A population that has no honour (that is filled with Social Justice ideas – i.e. are criminal vermin) are unfit for self government – in a literal sense, they can (or rather choose not to) govern (control) themselves.

    The people who recently looted supermarkets in Argentina (a nation that has had a wildly leftist government for a long time now) are not showing “liberty” they are showing license.

    Such a population makes civil society impossible – and they make tyranny (of one form or another) inevitable.

    It is not poverty that makes such a population unfit for self government – it is their Social Justice beliefs (their criminal principles).

    Although it is normally quite wealthy people who have spread such criminal principles.

  4. This article helps to highlight the personal dilemma for all anarchists. That of how to live a happy life in this world of statist violence and at the same time try to change it so we are free. As argued,

    “you cannot alienate your agency to personally produce the society you wish to participate in.”

    But the difficulty of this task at a personal level has previously been conceded, when the author writes,

    “Because they are so frequently decent, I’m sometimes tempted to reconcile the profession of policing with the kind of free society I dream about. After all, I have several friends and family who are police officers, and I’m loathe to let ideology darken my opinions of them as individuals.”

    The difficulty this person has experienced, as everyone experiences is how to live a moral life when the world is such an immoral place, where our family, friends, and communities we are members of accept, are complicit in and connive with the violence of the state.

    What are anarchists prepared to do in order to live in a stateless society? For the majority of us this is our biggest failing. Perhaps our opposition is left to the dinner party table, maybe a ballot box, or perhaps even petitions and public protests. This is not and never will be enough.

    Our solution is a entire transformation in the societies mores and habits. As the article reads,

    “It changes the nature of what we mean by government, transforming it from a formality of institutions running parallel to society into a day-to-day individual duty, a constant creation of and reaction to society, not in spite of the people’s confluence and conviviality but as its logical product.”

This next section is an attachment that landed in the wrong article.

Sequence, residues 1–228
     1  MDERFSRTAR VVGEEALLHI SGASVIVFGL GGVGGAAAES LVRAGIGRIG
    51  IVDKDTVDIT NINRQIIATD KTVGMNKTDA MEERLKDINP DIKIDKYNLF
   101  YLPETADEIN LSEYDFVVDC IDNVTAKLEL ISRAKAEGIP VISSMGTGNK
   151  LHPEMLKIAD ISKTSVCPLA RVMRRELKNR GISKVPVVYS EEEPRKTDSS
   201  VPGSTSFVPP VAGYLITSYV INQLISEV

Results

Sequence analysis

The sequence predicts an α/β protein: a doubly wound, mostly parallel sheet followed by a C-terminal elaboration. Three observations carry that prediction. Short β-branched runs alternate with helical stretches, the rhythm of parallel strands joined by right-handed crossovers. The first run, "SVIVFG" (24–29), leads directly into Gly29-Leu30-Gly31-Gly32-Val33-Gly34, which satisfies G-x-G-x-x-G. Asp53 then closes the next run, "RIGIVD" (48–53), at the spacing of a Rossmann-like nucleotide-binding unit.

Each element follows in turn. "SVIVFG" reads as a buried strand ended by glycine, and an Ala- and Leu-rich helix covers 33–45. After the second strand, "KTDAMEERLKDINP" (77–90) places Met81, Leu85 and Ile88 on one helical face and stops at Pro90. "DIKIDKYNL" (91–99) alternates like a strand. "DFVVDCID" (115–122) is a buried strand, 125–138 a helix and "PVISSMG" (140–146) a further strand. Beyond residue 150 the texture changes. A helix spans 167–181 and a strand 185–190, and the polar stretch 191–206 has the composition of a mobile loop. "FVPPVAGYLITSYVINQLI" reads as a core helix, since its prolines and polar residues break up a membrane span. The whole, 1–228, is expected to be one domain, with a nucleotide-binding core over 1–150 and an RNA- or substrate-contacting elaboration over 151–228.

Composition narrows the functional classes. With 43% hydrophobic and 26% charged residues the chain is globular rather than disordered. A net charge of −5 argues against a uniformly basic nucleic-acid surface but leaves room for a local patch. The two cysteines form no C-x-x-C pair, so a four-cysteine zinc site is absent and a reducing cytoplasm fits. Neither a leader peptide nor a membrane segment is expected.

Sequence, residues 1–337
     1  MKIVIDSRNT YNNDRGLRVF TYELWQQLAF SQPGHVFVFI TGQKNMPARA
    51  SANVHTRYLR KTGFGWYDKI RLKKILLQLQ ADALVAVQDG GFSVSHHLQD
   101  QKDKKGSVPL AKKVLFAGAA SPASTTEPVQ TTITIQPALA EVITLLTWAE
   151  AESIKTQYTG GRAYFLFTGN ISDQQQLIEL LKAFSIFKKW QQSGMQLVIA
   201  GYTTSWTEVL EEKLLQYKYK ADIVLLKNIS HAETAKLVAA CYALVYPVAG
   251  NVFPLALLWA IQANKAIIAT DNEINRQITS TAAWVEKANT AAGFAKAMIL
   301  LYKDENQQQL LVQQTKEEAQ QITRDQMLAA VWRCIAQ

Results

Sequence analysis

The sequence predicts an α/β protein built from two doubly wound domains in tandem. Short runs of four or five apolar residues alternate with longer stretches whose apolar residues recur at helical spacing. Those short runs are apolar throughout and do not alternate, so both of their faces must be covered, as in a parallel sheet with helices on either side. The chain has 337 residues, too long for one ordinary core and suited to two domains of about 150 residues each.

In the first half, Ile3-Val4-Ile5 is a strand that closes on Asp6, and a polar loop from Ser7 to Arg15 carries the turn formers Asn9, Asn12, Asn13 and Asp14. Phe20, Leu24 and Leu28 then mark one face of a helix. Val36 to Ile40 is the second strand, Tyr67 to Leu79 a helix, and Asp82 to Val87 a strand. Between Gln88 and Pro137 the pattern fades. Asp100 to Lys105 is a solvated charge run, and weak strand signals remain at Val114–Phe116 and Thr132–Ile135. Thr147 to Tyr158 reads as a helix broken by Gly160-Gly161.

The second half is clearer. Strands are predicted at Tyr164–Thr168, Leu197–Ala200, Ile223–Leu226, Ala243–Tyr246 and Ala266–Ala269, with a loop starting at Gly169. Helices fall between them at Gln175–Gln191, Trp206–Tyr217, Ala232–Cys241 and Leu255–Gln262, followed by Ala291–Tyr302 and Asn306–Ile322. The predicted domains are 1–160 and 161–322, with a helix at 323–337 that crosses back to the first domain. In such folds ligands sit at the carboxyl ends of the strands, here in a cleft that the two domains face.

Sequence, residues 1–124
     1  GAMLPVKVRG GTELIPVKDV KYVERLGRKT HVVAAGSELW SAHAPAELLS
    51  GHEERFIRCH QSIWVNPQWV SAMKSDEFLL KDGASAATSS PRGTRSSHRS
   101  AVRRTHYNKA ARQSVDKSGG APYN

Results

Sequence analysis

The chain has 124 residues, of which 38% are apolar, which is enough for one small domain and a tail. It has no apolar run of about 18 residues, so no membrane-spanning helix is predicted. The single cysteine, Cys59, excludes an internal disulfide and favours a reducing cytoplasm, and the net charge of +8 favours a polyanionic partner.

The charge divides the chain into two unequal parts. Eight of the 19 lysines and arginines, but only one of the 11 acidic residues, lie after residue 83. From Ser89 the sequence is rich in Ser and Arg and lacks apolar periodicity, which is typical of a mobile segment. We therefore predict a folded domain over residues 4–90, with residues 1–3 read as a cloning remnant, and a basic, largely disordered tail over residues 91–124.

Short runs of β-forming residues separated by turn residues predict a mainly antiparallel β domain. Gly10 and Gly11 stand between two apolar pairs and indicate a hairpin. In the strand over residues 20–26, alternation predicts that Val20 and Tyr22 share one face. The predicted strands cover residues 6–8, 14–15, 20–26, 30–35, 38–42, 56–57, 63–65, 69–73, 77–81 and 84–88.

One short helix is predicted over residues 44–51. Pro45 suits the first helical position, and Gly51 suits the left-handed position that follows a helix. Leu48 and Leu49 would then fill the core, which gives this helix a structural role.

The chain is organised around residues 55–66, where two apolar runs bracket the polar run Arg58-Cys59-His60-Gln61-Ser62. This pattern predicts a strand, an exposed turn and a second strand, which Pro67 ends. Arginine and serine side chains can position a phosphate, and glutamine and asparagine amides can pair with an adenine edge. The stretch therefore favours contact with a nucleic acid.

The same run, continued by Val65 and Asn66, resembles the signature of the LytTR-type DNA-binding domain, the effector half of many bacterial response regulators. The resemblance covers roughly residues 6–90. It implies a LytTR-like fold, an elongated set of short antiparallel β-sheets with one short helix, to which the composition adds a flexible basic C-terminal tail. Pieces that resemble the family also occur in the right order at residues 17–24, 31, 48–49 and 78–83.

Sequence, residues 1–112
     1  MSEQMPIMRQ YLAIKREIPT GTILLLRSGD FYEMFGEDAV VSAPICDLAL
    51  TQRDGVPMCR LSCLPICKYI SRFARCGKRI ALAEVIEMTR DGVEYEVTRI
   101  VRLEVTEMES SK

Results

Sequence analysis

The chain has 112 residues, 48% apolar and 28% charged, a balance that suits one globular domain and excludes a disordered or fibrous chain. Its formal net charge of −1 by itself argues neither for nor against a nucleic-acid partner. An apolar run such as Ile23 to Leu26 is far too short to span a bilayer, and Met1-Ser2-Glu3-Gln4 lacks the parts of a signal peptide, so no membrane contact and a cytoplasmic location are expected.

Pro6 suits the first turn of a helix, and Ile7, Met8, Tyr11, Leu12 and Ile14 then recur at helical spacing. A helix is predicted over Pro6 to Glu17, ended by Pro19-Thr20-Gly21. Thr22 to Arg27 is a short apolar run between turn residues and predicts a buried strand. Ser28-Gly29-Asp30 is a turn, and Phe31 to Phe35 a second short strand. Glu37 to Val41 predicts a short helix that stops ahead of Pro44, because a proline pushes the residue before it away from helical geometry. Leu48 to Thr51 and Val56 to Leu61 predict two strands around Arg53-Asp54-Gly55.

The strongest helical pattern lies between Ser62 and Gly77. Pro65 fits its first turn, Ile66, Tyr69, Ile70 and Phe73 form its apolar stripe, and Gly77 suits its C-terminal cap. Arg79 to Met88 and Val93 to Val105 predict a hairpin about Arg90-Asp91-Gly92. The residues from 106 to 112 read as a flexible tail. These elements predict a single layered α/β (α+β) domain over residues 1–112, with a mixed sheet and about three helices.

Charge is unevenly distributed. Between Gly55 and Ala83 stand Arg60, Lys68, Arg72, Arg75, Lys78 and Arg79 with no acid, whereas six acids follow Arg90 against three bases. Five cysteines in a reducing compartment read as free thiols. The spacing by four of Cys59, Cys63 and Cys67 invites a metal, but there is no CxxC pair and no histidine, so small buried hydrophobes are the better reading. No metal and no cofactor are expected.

Therefore in situations such as how we respond to the police, (even when they are friends and family, indeed perhaps even more so), we must respond through actions. That is non-co-operation and deliberate and as far as possible public law breaking, where the laws are unjustified infringements of our liberties.

    Specifically this means that we should ostracize those who are policemen. If family and friends join the police we should tell them that we will have no future contact with them due to the vile actions they are carrying out. Of course we should explain to them the reasons for this, why the state cannot be justified, etc. But we must use our behavior to shape societal norms against forces of oppression such as the police and other state institutions.

    This sounds extreme, uncomfortable even, and it is, but how else do we as anarchists actually expect people to realise the force of our convictions and the justness of our cause. If you think the state is evil, it is not justifiable to break bread with its supporters and its accomplices. We must stop seeing the world in “parallel lines” of personal behavior and public behavior, instead we must realise anarchy through our “day-to-day” individual actions. However nice a slave owner is in person, (even to his slaves) he is still a slave owner. However nice a policeman he is still a policeman.

    “you cannot alienate your agency to personally produce the society you wish to participate in.”
    It’s all personal.

  5. JKJ – what the article actually does is to show that Black Flag “anarchists” are not libertarians.

    Inequality does NOT justify crime.